The Doctor and Rose accidentally land in Scotland in 1879,
where they encounter Queen Victoria, whose train to Balmoral
has made an unscheduled stop. Seeking shelter in the nearby
Torchwood estate, they are met by a band of menacing monks.
With dark forces at work and a full moon due, the Queen is
in grave danger...
and Claw is not without its flaws. For instance, despite
all his cunning schemes to defend against werewolves, why
did Sir Robert's late father never invest in any silver bullets?
If silver doesn't affect this particular type of werewolf
(we have encountered others in The Greatest Show in the
and the comic strip The Dogs of Doom), it's never explicitly
stated on screen. Why does Queen Victoria (Pauline Collins)
travel without any ladies-in-waiting? And writer Russell T
Davies' rather contrived resolution exhibits some of the lightweight
quality of New
other respects, though, this episode has a lot going for it.
There are at least two genuine shock moments, and some great
comedy, particularly near the beginning of the episode. The
Doctor (David Tennant) adopts the actor's native Scottish
accent and introduces himself as Dr James McCrimmon from the
township of Balamory! Rose repeatedly attempts to make the
Queen utter her famous phrase, "We are not amused." In a more
subtle pastiche, the red-clad warrior monks evoke the current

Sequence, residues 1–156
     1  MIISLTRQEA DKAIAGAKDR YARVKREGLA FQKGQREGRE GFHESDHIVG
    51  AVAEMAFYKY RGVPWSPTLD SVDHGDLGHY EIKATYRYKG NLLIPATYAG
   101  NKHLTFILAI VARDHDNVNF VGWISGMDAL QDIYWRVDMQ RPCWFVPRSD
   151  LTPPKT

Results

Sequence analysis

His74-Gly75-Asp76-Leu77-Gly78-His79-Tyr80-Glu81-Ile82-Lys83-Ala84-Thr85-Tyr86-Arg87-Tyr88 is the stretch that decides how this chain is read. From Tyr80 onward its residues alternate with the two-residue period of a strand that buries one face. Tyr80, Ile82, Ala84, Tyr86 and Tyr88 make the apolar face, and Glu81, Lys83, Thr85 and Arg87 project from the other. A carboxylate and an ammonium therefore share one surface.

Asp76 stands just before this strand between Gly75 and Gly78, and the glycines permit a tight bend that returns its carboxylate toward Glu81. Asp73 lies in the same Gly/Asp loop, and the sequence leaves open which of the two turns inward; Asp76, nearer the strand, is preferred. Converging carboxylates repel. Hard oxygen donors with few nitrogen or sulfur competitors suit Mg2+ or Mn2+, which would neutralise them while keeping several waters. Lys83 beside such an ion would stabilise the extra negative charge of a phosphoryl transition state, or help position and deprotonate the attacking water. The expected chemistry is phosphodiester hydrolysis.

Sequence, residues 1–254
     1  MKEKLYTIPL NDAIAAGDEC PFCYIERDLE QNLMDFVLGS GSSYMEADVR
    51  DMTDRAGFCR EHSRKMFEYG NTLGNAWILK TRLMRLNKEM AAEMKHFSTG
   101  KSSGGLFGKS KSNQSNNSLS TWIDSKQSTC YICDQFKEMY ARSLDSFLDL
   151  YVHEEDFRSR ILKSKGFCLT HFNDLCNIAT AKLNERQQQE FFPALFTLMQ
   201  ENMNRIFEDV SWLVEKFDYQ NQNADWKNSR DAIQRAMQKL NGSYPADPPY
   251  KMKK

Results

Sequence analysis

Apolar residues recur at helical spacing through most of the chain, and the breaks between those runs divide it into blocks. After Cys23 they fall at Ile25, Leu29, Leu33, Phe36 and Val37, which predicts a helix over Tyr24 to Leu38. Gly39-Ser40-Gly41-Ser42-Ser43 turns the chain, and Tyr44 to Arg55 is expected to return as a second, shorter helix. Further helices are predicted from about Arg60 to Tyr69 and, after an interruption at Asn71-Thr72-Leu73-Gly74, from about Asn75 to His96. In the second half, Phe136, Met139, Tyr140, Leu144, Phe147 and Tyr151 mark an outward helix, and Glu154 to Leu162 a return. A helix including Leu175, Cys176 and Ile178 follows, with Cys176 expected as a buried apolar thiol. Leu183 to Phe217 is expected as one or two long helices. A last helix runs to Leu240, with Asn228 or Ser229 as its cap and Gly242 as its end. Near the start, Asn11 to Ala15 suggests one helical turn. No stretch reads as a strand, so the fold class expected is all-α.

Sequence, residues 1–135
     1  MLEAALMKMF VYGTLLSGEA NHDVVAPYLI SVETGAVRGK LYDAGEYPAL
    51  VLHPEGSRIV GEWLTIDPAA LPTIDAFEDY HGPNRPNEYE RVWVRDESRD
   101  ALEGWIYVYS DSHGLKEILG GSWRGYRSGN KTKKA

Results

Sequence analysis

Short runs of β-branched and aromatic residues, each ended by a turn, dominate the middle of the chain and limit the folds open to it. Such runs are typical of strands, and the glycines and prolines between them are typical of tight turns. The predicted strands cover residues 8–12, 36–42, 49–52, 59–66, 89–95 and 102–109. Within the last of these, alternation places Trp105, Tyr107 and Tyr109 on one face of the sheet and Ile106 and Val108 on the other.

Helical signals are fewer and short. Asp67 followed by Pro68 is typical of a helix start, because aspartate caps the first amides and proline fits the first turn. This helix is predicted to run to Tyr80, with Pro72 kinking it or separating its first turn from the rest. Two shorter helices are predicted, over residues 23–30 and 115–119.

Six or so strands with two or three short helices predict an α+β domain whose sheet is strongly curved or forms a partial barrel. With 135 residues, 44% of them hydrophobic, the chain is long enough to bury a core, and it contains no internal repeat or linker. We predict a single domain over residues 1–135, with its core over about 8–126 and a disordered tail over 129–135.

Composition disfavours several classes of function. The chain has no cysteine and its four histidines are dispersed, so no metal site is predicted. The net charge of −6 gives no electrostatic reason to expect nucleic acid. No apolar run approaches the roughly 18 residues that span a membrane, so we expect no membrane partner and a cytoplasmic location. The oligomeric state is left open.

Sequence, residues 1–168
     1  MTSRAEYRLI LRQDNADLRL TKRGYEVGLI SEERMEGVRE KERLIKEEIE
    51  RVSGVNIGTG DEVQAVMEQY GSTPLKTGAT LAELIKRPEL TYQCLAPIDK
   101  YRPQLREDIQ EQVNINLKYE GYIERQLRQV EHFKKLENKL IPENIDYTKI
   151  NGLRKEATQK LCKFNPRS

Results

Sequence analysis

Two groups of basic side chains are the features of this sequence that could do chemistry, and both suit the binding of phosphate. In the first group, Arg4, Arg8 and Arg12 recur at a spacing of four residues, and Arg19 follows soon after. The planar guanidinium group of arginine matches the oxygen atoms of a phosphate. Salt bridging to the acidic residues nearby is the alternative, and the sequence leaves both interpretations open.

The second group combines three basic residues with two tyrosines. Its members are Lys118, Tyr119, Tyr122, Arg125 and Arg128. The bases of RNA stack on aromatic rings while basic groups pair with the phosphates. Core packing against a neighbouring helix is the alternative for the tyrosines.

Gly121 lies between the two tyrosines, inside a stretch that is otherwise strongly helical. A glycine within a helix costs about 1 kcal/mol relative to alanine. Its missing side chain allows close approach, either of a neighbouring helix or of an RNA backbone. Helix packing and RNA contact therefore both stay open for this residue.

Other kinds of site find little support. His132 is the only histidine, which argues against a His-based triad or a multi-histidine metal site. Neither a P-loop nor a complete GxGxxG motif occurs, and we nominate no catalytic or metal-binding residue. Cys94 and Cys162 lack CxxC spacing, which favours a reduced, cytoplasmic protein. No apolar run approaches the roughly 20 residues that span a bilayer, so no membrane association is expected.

style of the BBC's on-screen idents.
Pauline Collins (who previously appeared as Samantha Briggs
Faceless Ones and turned down an offer to stay
on as a regular companion) makes an appropriately wilful and
defiant Victoria (though for my money, Judi Dench remains
the definitive Queen Vic).
wonder, however, what the present royal family, which includes
a known Doctor Who viewer in Queen Elizabeth, thinks
of the Doctor's final musings about their bloodline - not
to mention Rose's "Camilla" comment in The Girl in the
Fireplace (more on that episode below).
The Doctor is reunited with his former travelling companion
Sarah Jane Smith and robot dog K-9 Mark III. As comrades old
and new unite against the evil headmaster of a school overrun
by bat-like alien Krillitanes, Rose and Sarah clash over their
rivalling affections for the Time Lord...
Reunion is a very significant episode of Doctor Who.
This is the first time that specific characters from the old
series have reappeared, portrayed by their original actors,
in the new show. Until now, the new series had only given
us regenerated Doctors and reinvented versions of old monsters.
School Reunion is therefore Who's equivalent
of the Sarek episode of Star
Trek: The Next Generation (DeForest Kelley's
appearance in Encounter at Farpoint doesn't really
count, as he was never actually named as Dr McCoy in the show
at the time).
It's lovely to see Sarah (Elisabeth Sladen) and K-9 (John
Leeson) again - and great to see K-9's gun being able to point
in the right direction for a change! However, I do think that
Sarah comes across as more needy than she ought to be. This